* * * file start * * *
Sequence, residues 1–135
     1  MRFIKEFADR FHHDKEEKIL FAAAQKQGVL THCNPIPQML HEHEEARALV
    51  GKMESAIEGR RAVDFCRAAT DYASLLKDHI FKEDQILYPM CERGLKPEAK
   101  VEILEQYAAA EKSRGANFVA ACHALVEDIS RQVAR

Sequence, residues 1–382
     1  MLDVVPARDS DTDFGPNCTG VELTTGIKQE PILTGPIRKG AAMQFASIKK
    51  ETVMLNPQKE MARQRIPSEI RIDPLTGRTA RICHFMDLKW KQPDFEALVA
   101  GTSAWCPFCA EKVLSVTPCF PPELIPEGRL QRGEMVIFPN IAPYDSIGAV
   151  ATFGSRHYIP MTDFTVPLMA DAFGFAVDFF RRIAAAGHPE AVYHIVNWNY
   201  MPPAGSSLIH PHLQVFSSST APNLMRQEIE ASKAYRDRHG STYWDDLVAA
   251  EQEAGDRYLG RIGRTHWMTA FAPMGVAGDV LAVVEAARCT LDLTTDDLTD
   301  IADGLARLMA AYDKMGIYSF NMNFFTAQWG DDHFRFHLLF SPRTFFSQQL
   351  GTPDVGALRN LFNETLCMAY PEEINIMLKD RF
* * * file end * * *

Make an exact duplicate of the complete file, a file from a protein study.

Sequence, residues 1–135
     1  MRFIKEFADR FHHDKEEKIL FAAAQKQGVL THCNPIPQML HEHEEARALV
    51  GKMESAIEGR RAVDFCRAAT DYASLLKDHI FKEDQILYPM CERGLKPEAK
   101  VEILEQYAAA EKSRGANFVA ACHALVEDIS RQVAR

Sequence, residues 1–382
     1  MLDVVPARDS DTDFGPNCTG VELTTGIKQE PILTGPIRKG AAMQFASIKK
    51  ETVMLNPQKE MARQRIPSEI RIDPLTGRTA RICHFMDLKW KQPDFEALVA
   101  GTSAWCPFCA EKVLSVTPCF PPELIPEGRL QRGEMVIFPN IAPYDSIGAV
   151  ATFGSRHYIP MTDFTVPLMA DAFGFAVDFF RRIAAAGHPE AVYHIVNWNY
   201  MPPAGSSLIH PHLQVFSSST APNLMRQEIE ASKAYRDRHG STYWDDLVAA
   251  EQEAGDRYLG RIGRTHWMTA FAPMGVAGDV LAVVEAARCT LDLTTDDLTD
   301  IADGLARLMA AYDKMGIYSF NMNFFTAQWG DDHFRFHLLF SPRTFFSQQL
   351  GTPDVGALRN LFNETLCMAY PEEINIMLKD RF